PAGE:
Back Home is in some ways the least historical of my efforts. All the others are based around specific historical facts, while the events of Back Home are entirely fictional. It was only when I came to write the notes this that I really recognised how firmly embedded in the history of 1859 the book was. So here, as an example of how one historical novelist deals with end notes, are the final pages of that book.

1859 was an interesting time in England. Victoria had already been on the throne for twenty-two years, but in many ways this was still the England of the early nineteenth century. In London the great slums, or rookeries, were slowly being demolished, but those that remained were a horrific reminder of an earlier age. We were only twenty years from the time of Sherlock Holmes, who bridges the Victorian and Edwardian eras, but policing and social order in 1859 was nothing like the situation in the 1880s.   
London was growing massively from a city of under a million people in 1801 to almost two million in 1841. By 1861, the population (boosted by Irish immigrants fleeing the potato famine) was 2.8 million and the city was the largest in the Western world. John Williamson [my narrator] naturally compares the metropolis with Calcutta, a famously populous city, but in 1859 London actually had many times more inhabitants than Calcutta, which had a population of several hundred thousand in the 1850s. (For this, as for various other bits of useful historical trivia, I am grateful to my editor, Greg Rees, who seems to have an encyclopaedic knowledge of such detail.)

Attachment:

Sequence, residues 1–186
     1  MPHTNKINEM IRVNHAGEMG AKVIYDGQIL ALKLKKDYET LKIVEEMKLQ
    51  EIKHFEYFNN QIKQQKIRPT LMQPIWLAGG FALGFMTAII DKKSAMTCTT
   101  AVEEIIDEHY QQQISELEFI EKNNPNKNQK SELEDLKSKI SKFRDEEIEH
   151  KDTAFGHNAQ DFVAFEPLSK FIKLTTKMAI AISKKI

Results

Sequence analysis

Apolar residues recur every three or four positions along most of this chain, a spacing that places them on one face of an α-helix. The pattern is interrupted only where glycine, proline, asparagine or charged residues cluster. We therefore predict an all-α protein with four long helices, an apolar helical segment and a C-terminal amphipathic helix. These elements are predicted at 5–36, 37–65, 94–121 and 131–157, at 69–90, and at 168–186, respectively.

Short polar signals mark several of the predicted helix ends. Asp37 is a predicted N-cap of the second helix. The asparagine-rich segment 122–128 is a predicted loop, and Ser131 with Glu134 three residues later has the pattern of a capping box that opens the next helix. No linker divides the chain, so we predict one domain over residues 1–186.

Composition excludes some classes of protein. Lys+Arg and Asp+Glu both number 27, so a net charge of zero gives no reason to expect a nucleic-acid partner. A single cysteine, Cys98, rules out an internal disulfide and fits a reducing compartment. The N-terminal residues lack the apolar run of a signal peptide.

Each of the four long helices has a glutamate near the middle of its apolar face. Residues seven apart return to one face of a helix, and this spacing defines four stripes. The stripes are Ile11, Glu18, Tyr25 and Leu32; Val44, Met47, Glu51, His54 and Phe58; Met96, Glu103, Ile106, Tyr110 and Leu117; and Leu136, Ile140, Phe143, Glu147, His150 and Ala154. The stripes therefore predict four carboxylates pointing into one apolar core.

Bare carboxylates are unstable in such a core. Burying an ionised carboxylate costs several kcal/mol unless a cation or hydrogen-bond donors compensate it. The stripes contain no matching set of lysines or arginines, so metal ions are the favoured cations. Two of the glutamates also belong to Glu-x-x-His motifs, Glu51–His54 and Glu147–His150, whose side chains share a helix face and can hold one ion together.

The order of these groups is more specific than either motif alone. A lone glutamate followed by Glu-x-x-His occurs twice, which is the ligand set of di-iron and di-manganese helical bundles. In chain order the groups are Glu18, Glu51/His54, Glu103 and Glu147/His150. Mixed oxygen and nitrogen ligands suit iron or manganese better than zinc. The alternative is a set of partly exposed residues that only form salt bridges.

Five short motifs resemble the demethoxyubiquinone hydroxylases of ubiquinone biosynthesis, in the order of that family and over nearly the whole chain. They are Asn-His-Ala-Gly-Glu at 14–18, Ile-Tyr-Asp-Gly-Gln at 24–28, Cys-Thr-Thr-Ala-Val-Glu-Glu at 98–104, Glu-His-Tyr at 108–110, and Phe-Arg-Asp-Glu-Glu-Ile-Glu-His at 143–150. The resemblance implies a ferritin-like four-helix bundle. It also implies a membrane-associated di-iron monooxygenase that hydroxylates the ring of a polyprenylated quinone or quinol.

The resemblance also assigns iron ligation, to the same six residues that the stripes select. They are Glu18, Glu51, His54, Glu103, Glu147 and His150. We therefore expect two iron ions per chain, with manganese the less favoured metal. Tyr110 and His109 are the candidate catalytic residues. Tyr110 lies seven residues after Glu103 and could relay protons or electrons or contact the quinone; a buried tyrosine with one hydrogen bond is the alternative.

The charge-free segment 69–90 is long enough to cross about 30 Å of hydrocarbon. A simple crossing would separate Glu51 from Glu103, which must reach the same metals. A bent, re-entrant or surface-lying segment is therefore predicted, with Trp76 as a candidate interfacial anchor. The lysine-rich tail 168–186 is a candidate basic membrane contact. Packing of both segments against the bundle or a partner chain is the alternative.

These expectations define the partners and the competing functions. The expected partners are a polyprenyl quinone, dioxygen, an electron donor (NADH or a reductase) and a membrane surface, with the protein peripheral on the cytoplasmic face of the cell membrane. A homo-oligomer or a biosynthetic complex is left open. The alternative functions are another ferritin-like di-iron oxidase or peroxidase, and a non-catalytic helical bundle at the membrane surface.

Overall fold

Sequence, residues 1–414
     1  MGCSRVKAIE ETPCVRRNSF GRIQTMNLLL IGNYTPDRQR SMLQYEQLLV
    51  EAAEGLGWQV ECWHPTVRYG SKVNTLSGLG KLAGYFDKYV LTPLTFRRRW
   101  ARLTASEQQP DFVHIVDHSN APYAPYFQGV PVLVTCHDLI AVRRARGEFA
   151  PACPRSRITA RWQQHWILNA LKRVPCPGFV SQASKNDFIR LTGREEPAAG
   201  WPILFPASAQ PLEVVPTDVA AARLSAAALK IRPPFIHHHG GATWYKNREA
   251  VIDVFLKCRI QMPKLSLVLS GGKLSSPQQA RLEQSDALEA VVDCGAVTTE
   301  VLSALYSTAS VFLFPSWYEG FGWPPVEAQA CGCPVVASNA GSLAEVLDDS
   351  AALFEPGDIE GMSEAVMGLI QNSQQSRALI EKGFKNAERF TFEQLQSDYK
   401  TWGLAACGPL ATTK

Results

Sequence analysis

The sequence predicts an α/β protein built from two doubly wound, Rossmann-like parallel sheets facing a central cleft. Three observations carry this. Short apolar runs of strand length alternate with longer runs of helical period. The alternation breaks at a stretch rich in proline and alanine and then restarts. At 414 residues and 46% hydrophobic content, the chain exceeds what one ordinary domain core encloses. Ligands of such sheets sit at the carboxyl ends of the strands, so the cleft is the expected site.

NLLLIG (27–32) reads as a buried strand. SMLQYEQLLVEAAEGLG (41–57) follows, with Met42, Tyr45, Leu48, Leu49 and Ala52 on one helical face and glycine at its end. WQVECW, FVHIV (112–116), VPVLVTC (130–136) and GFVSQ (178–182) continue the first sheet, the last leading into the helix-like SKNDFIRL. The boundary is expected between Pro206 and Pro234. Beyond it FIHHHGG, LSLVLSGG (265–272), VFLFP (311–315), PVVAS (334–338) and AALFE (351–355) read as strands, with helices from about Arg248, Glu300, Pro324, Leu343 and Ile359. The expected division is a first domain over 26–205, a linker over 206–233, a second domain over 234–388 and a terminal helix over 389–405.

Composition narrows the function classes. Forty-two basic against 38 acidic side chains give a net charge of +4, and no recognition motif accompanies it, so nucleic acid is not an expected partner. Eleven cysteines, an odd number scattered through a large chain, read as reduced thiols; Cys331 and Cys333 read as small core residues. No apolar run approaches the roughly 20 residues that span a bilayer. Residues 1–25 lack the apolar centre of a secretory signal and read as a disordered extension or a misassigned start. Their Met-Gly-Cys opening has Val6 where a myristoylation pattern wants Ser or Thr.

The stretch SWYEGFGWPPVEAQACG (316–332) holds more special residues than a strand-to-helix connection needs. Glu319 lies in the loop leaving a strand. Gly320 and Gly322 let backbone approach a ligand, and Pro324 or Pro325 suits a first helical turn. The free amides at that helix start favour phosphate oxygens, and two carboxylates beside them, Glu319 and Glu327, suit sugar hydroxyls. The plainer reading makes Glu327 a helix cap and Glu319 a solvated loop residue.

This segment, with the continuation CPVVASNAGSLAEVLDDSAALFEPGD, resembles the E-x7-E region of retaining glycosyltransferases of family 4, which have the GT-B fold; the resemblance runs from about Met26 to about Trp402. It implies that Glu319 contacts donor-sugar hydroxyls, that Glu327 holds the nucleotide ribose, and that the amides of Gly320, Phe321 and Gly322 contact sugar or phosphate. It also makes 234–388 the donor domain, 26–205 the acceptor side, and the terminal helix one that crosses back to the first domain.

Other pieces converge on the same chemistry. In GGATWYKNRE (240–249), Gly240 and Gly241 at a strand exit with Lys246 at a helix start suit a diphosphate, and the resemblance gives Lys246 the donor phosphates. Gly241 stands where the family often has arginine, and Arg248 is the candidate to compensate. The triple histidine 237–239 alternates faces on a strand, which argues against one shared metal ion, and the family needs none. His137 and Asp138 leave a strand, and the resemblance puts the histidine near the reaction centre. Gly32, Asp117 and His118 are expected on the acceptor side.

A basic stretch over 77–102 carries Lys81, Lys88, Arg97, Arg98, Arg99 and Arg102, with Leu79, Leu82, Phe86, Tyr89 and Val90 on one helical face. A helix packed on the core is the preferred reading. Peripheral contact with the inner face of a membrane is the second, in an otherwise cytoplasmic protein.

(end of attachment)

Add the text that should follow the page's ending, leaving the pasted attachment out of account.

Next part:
It was a time of enormous social and technological change, and John Williamson found himself caught between the old eighteenth-century world and the modern world that is emerging from its decay.
 Most of the story takes place in London, centring on Seven Dials. I’m a frequent visitor to the Seven Dials Club, so it’s an area I know reasonably well.

Seven Dials today

I think the first time I came across Seven Dials in literature was in Disraeli’s Sybil, in which the heroine is rescued from a mob there. It is depicted as a place of utter lawlessness. Reading about it in other works of fiction and non-fiction, different people seem to describe it very differently. To some, it is just a noisome slum, to others an unspeakably vile place. Williamson’s version veers towards the negative, but his Seven Dials is by no means the worst you can find in literature.